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On June 24, the Reserve Bank of India issued guidelines that specify the eligibility criteria for non-banking financial companies (NBFCs) to declare dividends. The RBI claimed that the new rules are framed with a view to infuse greater transparency and uniformity in practice. In this article, we shall look at the key details of the notification released by the RBI on maximum dividend payout ratio for NBFCs.
Table of Contents
The board of directors of these firms are required to ensure that they consider the following while assessing the proposal for dividend announcements:
The Non-Banking Financial Companies and Housing Finance Companies are also required to meet specific benchmarks to qualify for a dividend payment. These benchmarks include the following:
The RBI also announced ceilings for dividend payout ratios. The dividend payout ratio means the ratio between total dividend payable and the net profit for a financial year. The ceilings for dividend payout ratios announced by the RBI are as follows:
It is worth mentioning here that the regulator specified that the total dividend payable should include payments on equity shares and those on compulsorily convertible preference shares eligible for inclusion in Tier 1 capital.
Non-Banking Financial Companies that fail to meet the minimum financial benchmarks mentioned above can be eligible to declare a dividend, subject to a cap of 10% on the dividend payout ratio if they comply with the conditions specified below:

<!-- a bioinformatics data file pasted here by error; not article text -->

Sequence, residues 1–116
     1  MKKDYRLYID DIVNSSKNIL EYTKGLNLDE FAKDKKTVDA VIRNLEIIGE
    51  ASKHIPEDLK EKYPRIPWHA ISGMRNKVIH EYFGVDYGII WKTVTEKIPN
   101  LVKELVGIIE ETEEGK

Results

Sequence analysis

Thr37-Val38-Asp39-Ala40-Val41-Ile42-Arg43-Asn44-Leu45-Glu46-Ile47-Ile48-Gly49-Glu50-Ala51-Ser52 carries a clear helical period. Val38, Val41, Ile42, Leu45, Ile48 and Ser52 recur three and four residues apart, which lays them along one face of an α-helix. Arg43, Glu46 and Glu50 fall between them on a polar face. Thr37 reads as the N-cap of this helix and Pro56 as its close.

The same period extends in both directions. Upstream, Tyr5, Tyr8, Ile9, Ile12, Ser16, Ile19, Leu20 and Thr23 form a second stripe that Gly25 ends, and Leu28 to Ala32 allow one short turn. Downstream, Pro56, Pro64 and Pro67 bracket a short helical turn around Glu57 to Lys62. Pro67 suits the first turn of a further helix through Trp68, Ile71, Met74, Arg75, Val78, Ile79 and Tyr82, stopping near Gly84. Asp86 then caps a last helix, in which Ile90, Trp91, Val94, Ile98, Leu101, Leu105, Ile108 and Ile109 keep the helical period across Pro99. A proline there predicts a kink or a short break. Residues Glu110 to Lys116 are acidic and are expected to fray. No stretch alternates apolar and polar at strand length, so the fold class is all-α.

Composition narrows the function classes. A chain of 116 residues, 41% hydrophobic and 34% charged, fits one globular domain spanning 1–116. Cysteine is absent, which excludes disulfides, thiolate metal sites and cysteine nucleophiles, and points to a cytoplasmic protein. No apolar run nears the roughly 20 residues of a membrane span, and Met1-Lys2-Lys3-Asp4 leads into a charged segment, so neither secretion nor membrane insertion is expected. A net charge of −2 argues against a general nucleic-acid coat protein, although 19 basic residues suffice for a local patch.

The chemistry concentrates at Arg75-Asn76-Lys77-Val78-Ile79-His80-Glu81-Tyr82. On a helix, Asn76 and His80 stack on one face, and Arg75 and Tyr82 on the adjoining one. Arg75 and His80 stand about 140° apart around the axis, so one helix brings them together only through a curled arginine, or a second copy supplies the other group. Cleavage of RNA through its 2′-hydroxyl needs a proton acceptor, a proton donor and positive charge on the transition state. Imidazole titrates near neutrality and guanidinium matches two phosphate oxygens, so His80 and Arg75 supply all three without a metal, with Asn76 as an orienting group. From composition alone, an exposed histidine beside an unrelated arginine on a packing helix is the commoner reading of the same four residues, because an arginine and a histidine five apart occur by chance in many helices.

The RBI stated that in case of standalone primary dealers which have the capital adequacy ratio of 15% (regulatory minimum) or above during each of the quarters of the previous year, but less than 20% in any of those quarters, the dividend payout ratio cannot exceed 33.3%.
The RBI set the maximum dividend payout ratio as part of its guidelines on distribution of dividend by Non-Banking Finance Companies. As per RBI, the guidelines is aimed at infusing greater transparency and uniformity in the payout practice and shall be effective for declaration of dividend from the financial year ending 31st March 2022.
These guidelines were proposed first by the Reserve Bank of India in the form of a draft circular in the month of December last year and came after the RBI governor Shaktikanta Das on 4th December stated that the growing significance of NBFCs and their inter-linkages with various segments in the financial system. The RBI governor had said that it made it imperative to enhance the resilience of the sector.
He had said that it had been decided to put in place transparent criteria as per a matrix of parameters for declaration of dividends by different categories of Non-Banking Financial Companies.
The tightening in dividend payout rules comes within a few weeks of the RBI’s norms on auditor appointments. NBFCs are against the move of auditor appointment, but the Reserve Bank has remained adamant. For better understanding, you may refer to the RBI notification on maximum dividend payout ratio for NBFCs attached with this article.
Read our article:A Complete Overview of Buying and Selling of NBFCs
Ashish M. Shaji has done his graduation in law (BA. LLB) from CCS University. He has keen interests in doing extensive research and writing on legal subjects especially on corporate law. He is a creative thinker and has a great interest in exploring legal subjects.
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